5.You passed up your fruit
When metals like mercury take the place of iodine at binding sites, thyroid hormone production grinds to a halt. The good news is you can instantly detox with fruits that are rich in pectin — a gelatin-like fiber that sticks to toxic compounds in the blood and flushes them out of the body through the urine. In fact, citrus pectin increased mercury excretion in the urine by 150 percent within 24 hours of supplementation, according to one study. As a weight loss bonus, research shows pectin can limit the amount of fat your cells can absorb. Grapefruits, oranges, and peaches are all good sources, but since most pectin is found in the fibrous pith and peel, whole apples are one of the best.
6.You chose the wrong afternoon pick-me-up
We get it. You’re totally obsessed with your double shot skim latte. It gives you the boost you need when the work day gets to be too much. But if you always opt out of green tea—an amazing choice—you could be missing out of some major metabolism-boosting effects. In a recent 12-week study, participants who combined a daily habit of 4-5 cups of green tea with a 25-minute workout lost an average of two more pounds and more belly fat than the non tea-drinking exercisers. What’s its magic? The brew contains catechins, a type of antioxidant that triggers the release of fat from fat cells and helps speed the liver’s capacity for turning fat into energy.
7.You didn’t eat organic
“Hormones dictate how our body utilizes the energy we give it,” says Jubilee. “Between our reproductive, thyroid and growth hormones, appetite, insulin and hunger hormones — leptin and ghrelin — our bodies have to perform a tricky balancing act to keep us lean, energized and viable reproductive beings.” Those tasks have become much more difficult because of the hormone residues we consume via cage-raised foods. If you want to give your metabolism a leg up, Jubilee says, switch to organic, grass-fed, pasture-raised beef, eggs, and dairy products, thereby avoiding those nasty hormones at mealtime.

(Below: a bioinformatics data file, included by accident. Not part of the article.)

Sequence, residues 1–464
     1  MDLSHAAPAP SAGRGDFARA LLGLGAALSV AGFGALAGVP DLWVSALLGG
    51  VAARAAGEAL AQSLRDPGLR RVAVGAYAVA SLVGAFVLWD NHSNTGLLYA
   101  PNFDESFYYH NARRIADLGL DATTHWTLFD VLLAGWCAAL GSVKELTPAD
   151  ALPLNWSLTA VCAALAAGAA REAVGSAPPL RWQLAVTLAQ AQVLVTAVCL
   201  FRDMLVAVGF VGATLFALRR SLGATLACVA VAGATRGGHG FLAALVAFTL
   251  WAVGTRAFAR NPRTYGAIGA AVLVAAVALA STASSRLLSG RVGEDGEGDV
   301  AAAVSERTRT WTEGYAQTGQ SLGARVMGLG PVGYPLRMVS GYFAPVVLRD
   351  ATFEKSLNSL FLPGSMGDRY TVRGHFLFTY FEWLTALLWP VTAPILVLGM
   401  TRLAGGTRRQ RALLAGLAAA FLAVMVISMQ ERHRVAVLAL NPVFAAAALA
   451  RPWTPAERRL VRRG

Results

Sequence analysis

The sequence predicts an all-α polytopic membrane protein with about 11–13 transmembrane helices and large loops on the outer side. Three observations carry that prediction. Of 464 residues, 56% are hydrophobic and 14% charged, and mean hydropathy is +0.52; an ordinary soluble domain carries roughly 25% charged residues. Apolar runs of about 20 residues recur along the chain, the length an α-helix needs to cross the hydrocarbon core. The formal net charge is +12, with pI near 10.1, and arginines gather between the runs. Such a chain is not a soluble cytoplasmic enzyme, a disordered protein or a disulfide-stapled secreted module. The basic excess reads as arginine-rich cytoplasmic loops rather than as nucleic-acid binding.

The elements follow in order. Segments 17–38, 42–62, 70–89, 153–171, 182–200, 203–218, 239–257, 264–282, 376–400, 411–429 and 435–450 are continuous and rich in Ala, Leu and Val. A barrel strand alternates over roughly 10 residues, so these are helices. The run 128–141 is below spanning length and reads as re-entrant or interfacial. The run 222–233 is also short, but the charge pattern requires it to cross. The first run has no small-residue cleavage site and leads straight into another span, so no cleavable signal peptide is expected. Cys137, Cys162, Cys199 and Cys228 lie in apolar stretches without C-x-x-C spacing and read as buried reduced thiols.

8.Your home or workplace was too warm
If you’re reading this, you’re almost certainly a mammal. It follows that you’re also an endotherm. This means that you can set heat free from within your own body to regulate your body temperature, rather than relying solely on the ambient temperature. It’s not just a neat trick common to both mammals and birds — it also burns calories. So turn down your thermostat and let your body do the heavy lifting. Researchers at the National Institutes of Health found that participants who slept in bedrooms cooled to 66°F for a month doubled the amount of brown adipose tissue they burned. Brown adipose tissue is a type of fat that burns calories rather than stores them. "Brown fat becomes more active in cooler temperatures to help keep us warm," explains Aaron Cypess, MD, an endocrinologist at the NIH. The take-home? Turning down your heat, sleeping in cooler temps, and spending time outdoors is going to help to stoke your metabolism, so chill out to get lean.
9.You had zero carbs
Although it’s true that eating too many refined carbs can get in the way of your health and weight-loss goals, eating too few can have a similar effect. That’s because when we exercise, our muscles need carbohydrates’ stores of glycogen for energy; if they don’t get enough, they can’t grow. That’s bad because the more muscle you can get and keep, the more calories you’ll burn at rest. But that’s not all. With your muscles starved of energy, you won’t be able to exercise as intensely as you otherwise would. That means fewer calories burned while active. Have a serving (about the size of once cupped palm) of oatmeal, sweet potato or brown rice prior to working out.
10.You lowered your weights too fast
It feels great to work out in an efficient amount of time, but when it comes to cranking your metabolism, haste makes waste. That’s because there are big metabolism-boosting benefits that come from the eccentric (a.k.a. lowering) aspects of these movements. Eccentric movements damage muscles more than the act of lifting them. They require more effort from your body to repair and demand more caloric energy to do so. Greek researchers demonstrated that women who performed one weekly strength workout that focused on eccentric movement increased their resting energy expenditure and fat burning by 5 and 9 percent, respectively, over a period of eight weeks.
11.You thought nuts were too fatty
A review of research published in The American Journal of Clinical Nutrition found that polyunsaturated fatty acids (PUFAs), particularly those contained in walnuts, could enhance the activity of certain genes that control fat burning, meaning that a nutty snacker may burn more calories throughout the day than one who grabs another type of lower cal snack. One to 1.5 ounces amounts to a small handful of walnuts. Have a snack of this size once daily for better burning. And if you want something salty or sweet, indulge in a snack that helps you build muscle and blast flab.
12.You took it a little too easy
Researchers in Australia found that when women performed a 20-minute HIIT workout three times per week, they shed nearly 6 pounds more than those who exercised for 40 minutes three times a week at a steady pace. Why? Researchers explain that while high-intensity interval training (HIIT) is of shorter duration than a regular cardio workout, it results in greater post-exercise oxygen consumption, meaning that you continue burning calories for a period of time afterward.